Practical Electronics for Inventors by Paul Scherz, Simon Monk

Practical Electronics for Inventors

Practical Electronics for Inventors

“Practical Electronics for Inventors” is one of the best science books i have ever read.
For around 30€, i expected a light-weight overview – instead, with its 1000 pages and large format, it arguably doubles as home protection device. The book is a powerful introduction into making from the physics behind over in-depth treatment of all important electronical parts up to the programming of microcomputers like the Arduino and FPGAs, complete with the theoretical background and plenty of practical advice.
But besides the highly technical content, the book is very well-readable. The graphics included deserve a special tribute: precise, simple, appealing and all of that in black and white only. Also, it contains a plethora of real-life circuits, like voltage regulators, motor and sensor drivers, oscilloscopes and even a robot.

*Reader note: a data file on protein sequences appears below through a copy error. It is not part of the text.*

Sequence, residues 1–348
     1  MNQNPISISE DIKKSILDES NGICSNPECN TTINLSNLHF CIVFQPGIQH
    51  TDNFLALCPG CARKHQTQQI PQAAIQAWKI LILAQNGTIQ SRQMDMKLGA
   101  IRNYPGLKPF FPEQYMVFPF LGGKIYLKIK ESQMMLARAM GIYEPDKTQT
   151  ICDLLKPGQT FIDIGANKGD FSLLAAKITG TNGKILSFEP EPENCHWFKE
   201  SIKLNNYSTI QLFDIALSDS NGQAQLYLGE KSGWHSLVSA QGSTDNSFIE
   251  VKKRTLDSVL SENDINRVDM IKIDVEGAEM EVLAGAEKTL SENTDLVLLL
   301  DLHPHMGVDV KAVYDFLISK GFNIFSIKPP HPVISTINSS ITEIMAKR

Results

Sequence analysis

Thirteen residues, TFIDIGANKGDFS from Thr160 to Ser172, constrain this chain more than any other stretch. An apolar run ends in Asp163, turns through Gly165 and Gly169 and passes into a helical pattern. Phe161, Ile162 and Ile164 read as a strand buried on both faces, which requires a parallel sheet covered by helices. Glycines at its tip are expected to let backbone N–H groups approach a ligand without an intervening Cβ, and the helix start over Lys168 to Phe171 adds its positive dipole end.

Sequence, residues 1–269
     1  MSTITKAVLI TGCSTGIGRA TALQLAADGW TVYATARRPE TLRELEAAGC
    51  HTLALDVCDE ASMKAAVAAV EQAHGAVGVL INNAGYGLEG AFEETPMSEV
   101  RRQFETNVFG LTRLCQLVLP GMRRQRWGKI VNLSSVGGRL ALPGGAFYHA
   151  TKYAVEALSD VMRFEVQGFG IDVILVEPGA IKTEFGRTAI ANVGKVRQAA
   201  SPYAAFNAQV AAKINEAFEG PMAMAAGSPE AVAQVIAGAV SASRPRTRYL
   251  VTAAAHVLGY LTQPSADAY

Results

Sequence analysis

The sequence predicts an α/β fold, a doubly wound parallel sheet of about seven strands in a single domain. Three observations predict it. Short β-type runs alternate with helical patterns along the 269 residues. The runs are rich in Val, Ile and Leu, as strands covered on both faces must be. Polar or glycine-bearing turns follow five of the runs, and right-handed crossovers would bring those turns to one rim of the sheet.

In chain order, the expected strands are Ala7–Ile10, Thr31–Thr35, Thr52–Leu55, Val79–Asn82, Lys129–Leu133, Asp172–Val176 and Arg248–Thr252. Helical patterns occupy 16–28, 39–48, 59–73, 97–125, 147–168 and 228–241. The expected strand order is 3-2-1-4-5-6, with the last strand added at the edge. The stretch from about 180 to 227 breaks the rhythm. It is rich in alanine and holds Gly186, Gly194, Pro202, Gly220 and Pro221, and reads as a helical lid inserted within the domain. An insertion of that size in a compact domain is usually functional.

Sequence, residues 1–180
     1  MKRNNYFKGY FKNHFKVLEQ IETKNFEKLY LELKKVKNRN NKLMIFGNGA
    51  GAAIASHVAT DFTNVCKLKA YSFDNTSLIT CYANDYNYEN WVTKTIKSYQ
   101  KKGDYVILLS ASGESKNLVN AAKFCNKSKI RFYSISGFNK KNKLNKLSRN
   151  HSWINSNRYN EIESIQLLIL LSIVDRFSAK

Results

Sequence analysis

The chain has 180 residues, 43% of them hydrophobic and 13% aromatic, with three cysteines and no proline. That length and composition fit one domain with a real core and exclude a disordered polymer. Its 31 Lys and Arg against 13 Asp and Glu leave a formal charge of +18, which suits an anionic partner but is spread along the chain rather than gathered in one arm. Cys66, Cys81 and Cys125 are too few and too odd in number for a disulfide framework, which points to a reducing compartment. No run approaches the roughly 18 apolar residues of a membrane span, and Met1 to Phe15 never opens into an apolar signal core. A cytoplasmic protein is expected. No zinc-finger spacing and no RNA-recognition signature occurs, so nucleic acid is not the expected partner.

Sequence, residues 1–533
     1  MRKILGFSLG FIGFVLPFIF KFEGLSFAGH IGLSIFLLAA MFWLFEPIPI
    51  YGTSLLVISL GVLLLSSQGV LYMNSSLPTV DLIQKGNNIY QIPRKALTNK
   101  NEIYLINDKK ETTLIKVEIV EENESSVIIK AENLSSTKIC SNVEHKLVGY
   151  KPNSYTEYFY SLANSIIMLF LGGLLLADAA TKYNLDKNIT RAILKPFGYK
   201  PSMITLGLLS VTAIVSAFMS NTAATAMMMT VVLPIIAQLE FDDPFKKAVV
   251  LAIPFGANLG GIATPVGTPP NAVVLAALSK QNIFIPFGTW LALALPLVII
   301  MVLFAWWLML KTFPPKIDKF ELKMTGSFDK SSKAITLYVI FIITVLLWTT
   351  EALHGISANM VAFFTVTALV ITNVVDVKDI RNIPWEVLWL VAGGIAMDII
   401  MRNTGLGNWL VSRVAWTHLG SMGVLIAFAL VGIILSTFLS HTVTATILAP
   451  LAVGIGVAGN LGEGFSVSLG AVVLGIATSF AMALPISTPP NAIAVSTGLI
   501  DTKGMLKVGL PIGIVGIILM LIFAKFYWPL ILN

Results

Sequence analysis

The book will serve as main reference for electronic parts in my lab and i hope to read it a few more times. I wouldn’t recommend “Practical Electronics” to someone who never did anything with electronics before- other books focussed on beginners might be better for the long-term motivation. But everybody who has some basic understanding already will profit massively from the fabolous “Practical Electronics for Inventors”.


Genre: Electronics, Embedded Systems, Hardware, Making

Knight of Pi

Johannes Bergs aka Knight of Pi. Diploma in Bioinformatics, some Webdesign and Python coding then. Living in the beautiful city of Vienna.